At times our minds become saturated by seeing and hearing about such evil in our society – and in the world. I feel powerless. I pray, of course, but that doesn’t seem to quell the feelings of being overpowered by the presence of evil among us. Yes, of course, therapists fulfill a need and most well-trained ones try to be effective in leading their clients to some type of resolution and subsequent healing. But we have to strike at the root causes of evil in our society. Any ideas?

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    • Thank you for thinking about this. I am in agreement with you about the Newtown massacre: it was an act of pure evil, exacerbated I am guessing by under-treated mental instability on the part of the perpetrator.

      How do we address this? I still stay light will overtake the darkness–and more people are going to have to be willing to live in the light. Most of us have multiple, dark hidden areas in our lives that we would prefer never to expose to others. As long as that is acceptable, real transformation cannot take place. As the Wesleyan covenant prayer says, “Christ will have all of us or He will have none of us.”

      Evil wins when people chose self-protection, silence and fear over courage and acts of true righteousness. That’s how the Stalins and Hitlers came to power and stayed in power. But think about the transformations that came from people like Martin Luther King, and many of his followers who chose to face death and to do so peacefully so that others might live. That is how these things change. It takes a lot of guts to stay in the light. But it can be done.

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      • Thank you, Rev. Thomas, for your speedy reply.
        All that you say IS true. But, for some, it is very, very, difficult to stay in the light in today’s world with all of the distractions. For me, it is prayer, reading what others who are in the light have to say and, most importantly, being part of a faith community.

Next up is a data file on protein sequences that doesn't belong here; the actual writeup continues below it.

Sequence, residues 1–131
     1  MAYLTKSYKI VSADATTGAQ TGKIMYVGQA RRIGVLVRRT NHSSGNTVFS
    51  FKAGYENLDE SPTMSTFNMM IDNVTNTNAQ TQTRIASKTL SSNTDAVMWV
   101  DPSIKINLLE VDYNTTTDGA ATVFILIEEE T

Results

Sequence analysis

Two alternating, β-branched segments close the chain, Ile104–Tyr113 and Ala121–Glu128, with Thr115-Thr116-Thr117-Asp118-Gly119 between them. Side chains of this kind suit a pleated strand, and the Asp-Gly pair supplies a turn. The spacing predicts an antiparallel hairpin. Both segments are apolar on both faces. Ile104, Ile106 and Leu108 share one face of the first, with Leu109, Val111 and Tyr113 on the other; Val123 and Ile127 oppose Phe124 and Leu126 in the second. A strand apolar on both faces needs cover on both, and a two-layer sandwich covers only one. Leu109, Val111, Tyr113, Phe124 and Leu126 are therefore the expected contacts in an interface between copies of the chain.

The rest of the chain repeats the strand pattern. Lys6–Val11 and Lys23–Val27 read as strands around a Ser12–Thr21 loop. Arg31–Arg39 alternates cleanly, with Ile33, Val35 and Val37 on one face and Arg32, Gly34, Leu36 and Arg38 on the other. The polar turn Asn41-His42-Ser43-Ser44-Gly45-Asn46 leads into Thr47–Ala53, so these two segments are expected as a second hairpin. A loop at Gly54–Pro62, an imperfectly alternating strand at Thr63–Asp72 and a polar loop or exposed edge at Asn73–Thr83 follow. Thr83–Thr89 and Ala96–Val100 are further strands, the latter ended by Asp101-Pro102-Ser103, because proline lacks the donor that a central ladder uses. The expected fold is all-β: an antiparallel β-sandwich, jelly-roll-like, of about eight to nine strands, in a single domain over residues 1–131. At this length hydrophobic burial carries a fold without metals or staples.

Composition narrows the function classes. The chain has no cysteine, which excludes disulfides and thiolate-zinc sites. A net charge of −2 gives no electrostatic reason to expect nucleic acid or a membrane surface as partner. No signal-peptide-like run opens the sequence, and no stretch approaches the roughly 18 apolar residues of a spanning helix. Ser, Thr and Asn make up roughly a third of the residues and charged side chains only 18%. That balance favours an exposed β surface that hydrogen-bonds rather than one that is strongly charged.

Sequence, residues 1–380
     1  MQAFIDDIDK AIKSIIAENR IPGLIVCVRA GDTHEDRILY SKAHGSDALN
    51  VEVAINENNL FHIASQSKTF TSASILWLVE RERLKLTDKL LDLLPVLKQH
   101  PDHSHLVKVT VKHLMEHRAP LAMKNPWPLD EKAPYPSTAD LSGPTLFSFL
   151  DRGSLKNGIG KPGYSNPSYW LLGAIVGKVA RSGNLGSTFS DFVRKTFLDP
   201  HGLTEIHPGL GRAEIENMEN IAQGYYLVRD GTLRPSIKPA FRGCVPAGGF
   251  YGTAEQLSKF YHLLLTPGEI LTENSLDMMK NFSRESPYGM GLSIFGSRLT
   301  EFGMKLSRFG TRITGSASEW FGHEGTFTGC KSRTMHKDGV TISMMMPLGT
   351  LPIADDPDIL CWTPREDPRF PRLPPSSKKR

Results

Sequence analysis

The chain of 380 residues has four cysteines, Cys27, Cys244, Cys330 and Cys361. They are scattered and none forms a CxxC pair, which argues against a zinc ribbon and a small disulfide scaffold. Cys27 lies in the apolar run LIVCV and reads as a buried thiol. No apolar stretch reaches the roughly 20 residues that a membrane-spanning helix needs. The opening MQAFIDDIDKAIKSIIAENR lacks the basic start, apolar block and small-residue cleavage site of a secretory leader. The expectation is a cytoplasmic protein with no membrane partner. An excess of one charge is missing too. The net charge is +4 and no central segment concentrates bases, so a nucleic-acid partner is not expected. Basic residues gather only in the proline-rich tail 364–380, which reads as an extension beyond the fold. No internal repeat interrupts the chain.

Thanks again. Looking forward to your new posts.

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        • Yes, it is extremely difficult to actually live as Christians. That’s part of the problem: we exist in a world where everything is supposed to be easy and quick, but this is a long and difficult process.

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  5. Interesting. Every person needs healing of some sort. — particularly those who deny their need for therapy, healing, forgiveness, etc.
    I have never seen your blog before. I suspect that this was forwarded to me by a UMC deacon whom I know but no longer correspond with.

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  6. Therapy only leads to healing if you participate in it, if you really want it, if you make good use of the strength of the people and the world around you. I am glad you have opened your readers up to the broad-spectrum possibilities of healing—it happens in so many ways under so many circumstances with the help of so many types of therapy. Thank you for opening my eyes to the fact that I can make use of more than one type of therapy. Maybe I can be a “therapist” too.